Entrepreneurship, fast prototyping, customer-centric thinking – our proven modes of working and creating are under attack. Where to begin when so much is in jeopardy? The business paradigms through which we see trends and anticipate markets are in flux. Assumptions about how things work and what we value teeter on the brink. It’s time for a radical rethink. We need to break out of the box.
Working on our upcoming book The Entrepreneur’s Faces, we’ve been immersed in the world of entrepreneurs and startups. We know how they did it in pre-pandemic times. They found a pain or a missing element. They brainstormed and prototyped beyond current realities, breaking from standard expectations to dream big. Status quo thinking was meant to be disrupted. That’s how they leaped to novel business models.
What’s different today?
Suddenly we’re confronted with a whole new crop of boxes that we need to rethink. Conflating school buildings with education is boxed-in thinking. Viewing typical restaurants as the paragon of communal eating and companionship is boxed-in thinking. Associating cities with your personal economic opportunity is a sign of very big boxed-in thinking.
Let’s consider some popularly accepted “boxes.” How might we rethink these paradigms?
Assumption #1: Everybody has a job or can get one.
So many industries, services and products have come to a skidding stop. Demand worldwide has plummeted. Millions of jobs will never come back. “Find something new!” cheered Ivanka Trump on Bastille Day, in spectacular Marie Antoinette fashion. But millions if not tens of millions of Americans will not be finding good new jobs anytime soon, putting our way of life and democracy itself in doubt. Unless we want a revolution we need something more substantial than fatuous pronouncements about embracing change under the old rules. We need long-term stimulus packages, or a Roosevelt-styled WPA program to get people back to work.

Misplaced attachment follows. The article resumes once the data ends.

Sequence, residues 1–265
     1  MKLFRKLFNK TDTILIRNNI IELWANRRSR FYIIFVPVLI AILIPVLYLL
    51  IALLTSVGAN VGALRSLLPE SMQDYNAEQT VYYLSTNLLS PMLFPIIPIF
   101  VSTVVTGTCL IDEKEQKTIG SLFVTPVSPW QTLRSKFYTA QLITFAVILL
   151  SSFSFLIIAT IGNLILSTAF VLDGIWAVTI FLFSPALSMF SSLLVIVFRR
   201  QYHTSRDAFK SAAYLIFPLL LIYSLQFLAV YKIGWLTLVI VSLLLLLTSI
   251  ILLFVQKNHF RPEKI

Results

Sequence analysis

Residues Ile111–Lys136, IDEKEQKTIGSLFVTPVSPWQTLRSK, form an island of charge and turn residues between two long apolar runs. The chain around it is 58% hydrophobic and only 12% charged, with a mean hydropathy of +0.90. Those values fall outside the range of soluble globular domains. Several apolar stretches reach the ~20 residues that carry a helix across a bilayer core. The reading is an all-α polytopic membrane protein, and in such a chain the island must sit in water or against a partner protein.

Assumption #2: People love cities.
Before the pandemic, cities were all the rage. Now they are seen as dangerous and dirty. Dense population translates into more virus to go around. Conversely, most of the cultural and communal attractions that drew us to cities are shuttered. Many will not come back for years. Homelessness and increased crime will hamper revitalization. American suburbs and countryside have never looked better.
Assumption #3: People eat at restaurants.
There is nothing essential about eating at a restaurant. Especially when you’re trying to save cash. The pandemic has closed thousands of restaurants, which themselves have been proven to exhibit super-spreader potential. Some may be limping along with takeout orders but that is not a restaurant. Outdoor dining only works for a fraction of locations and not in the winter. We’re betting that new, safer models will emerge. Like more food truck parks and open air markets.
Assumption #4: People go to events.
Hundreds of dollars for a sports ticket or concert, thousands for a tech conference. Americans have been seduced the last decade by the social media juiced appeal of… being there. The fear of missing out, the insular press coverage and social sharing … the air is going out of that balloon. Celebrities and sports stars need an adoring, subservient public to thrive, and our current break from action is a terminal fracture in that narcissistic loop. Soon we will be thinking, why did we fall under this collective spell? We’ll seek and create new, authentic, participatory experiences to come together.
Assumption #5: Kids go to school.